A giant Ariane 5 booster stands ready at the Guiana Space Centre in Kourou, French Guiana, awaiting a nocturnal liftoff at precisely 8:47:38 p.m. local time (7:47:38 p.m. EDT) on Tuesday, 29 July, to deliver the European Space Agency’s (ESA) fifth and final Automated Transfer Vehicle (ATV-5) to provide equipment and supplies to the International Space Station (ISS). Originally scheduled to fly on 24 July, the mission was postponed by several days to permit what Arianespace—the Paris, France-based launch services organization—described as “complementary verifications on the Ariane 5 launch system.” That work has now been completed, and on Tuesday, 22 July, Arianespace announced the revised launch date. Assuming an on-time liftoff, ATV-5 will dock at the aft longitudinal port of the station’s Zvezda module on 12 August and is expected to remain until late January 2015.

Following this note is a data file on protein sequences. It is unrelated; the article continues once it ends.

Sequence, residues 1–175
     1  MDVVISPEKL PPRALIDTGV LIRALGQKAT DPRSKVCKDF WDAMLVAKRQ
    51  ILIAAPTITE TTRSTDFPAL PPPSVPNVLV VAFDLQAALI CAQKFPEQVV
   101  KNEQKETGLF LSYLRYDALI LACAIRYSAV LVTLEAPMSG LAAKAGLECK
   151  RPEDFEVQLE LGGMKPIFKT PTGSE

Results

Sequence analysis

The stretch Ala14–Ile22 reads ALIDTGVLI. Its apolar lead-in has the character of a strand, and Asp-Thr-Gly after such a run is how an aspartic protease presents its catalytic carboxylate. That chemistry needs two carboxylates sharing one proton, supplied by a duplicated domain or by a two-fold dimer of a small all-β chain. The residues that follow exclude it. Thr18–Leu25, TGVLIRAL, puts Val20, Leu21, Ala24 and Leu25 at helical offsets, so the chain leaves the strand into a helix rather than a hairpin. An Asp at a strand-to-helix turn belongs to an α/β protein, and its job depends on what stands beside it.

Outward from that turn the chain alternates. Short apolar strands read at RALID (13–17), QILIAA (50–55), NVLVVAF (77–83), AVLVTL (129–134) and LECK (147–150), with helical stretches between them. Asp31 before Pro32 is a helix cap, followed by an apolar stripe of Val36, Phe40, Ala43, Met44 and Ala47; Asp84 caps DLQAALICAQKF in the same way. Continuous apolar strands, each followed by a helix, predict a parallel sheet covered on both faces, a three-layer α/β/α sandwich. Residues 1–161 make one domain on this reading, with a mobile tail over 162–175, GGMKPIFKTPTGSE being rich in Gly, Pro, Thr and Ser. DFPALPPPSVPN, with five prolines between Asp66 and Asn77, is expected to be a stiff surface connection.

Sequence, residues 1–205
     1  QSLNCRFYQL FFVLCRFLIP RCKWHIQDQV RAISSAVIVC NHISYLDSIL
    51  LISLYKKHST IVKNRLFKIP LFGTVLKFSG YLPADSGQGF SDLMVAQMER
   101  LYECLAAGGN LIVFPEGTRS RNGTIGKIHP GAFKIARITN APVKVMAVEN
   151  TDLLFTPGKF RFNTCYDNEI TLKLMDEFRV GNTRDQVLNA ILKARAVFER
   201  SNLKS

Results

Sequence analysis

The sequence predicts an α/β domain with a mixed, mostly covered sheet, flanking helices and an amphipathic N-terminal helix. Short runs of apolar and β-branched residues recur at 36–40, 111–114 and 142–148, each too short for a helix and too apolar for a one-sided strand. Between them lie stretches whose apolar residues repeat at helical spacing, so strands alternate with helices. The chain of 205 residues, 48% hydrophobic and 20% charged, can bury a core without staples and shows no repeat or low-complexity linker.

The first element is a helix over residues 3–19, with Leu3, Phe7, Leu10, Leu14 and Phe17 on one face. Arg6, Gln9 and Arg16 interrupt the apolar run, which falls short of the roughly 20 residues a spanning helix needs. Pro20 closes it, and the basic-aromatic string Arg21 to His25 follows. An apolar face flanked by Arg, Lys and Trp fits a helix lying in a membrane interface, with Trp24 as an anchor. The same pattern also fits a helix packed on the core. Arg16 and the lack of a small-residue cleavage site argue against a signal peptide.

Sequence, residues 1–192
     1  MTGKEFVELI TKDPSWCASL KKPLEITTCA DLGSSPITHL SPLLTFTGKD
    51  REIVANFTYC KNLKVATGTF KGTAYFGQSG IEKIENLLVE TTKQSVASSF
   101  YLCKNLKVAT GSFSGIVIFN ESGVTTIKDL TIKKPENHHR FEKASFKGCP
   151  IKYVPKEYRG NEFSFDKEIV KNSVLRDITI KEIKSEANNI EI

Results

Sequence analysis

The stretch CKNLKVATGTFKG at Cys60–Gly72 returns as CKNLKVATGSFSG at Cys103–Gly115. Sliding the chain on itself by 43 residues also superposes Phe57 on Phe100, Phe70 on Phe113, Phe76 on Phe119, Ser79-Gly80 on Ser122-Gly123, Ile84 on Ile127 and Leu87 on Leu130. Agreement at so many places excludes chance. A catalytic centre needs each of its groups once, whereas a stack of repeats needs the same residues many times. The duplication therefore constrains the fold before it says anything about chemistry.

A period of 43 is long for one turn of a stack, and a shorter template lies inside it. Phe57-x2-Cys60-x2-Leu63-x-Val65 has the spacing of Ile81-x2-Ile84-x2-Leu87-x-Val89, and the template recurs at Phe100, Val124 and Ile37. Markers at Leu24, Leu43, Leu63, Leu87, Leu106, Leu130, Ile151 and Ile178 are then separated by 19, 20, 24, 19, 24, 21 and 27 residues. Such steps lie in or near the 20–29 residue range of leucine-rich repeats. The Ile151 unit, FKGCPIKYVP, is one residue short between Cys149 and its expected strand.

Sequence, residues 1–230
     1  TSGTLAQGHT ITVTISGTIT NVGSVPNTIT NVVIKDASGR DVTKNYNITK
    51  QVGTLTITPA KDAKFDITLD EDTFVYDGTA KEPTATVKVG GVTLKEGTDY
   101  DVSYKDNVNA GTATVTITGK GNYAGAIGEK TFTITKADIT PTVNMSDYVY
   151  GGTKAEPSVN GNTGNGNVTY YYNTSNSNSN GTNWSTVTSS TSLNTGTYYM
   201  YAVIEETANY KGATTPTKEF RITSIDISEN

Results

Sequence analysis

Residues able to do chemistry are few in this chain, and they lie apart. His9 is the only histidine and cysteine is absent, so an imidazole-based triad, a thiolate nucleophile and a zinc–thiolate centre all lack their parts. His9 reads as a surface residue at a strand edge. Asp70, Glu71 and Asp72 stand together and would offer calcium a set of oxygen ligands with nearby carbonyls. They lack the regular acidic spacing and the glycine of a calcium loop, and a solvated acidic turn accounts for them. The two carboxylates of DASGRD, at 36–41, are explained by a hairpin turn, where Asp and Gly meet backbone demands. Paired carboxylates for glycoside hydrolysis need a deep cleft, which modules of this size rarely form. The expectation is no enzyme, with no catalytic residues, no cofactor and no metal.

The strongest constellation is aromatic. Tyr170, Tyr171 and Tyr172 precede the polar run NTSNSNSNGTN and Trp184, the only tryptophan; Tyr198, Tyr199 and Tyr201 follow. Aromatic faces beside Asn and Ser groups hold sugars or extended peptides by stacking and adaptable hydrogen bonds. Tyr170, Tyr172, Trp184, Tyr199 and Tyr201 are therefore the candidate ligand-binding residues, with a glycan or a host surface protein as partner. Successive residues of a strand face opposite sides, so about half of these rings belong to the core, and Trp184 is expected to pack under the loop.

Named in honor of the Belgian priest and astronomer Georges Lemaître (1894-1966), the spacecraft departed prime contractor Astrium’s facility in Bremen, Germany, last 7 October, bound for Kourou, on the north Atlantic coast of the tiny French overseas region of French Guiana. “Like its predecessors,” noted Astrium in a news release, “ATV-5 ‘Georges Lemaître’ is being transported by ship in three special containers. At the same time, around 80 sea containers full of test equipment are joining it on its journey.” Following its arrival at the South American spaceport, it underwent extensive tests from November onward—including evaluations of its electricity-generating solar arrays—and its first cargo was loaded earlier this year. According to Arianespace, ATV-5 will deliver about 5,730 pounds (2,600 kg) of dry cargo to the ISS, of which 60 percent was loaded by mid-April, with the remainder following over 30 June-1 July. “The dry cargo is contained in special bags that are positioned on racks inside the ATV’s Integrated Cargo Carrier,” it was reported, “with the locations calculated based on their contents and considerations for the resupply spacecraft’s center-of-mass determination.”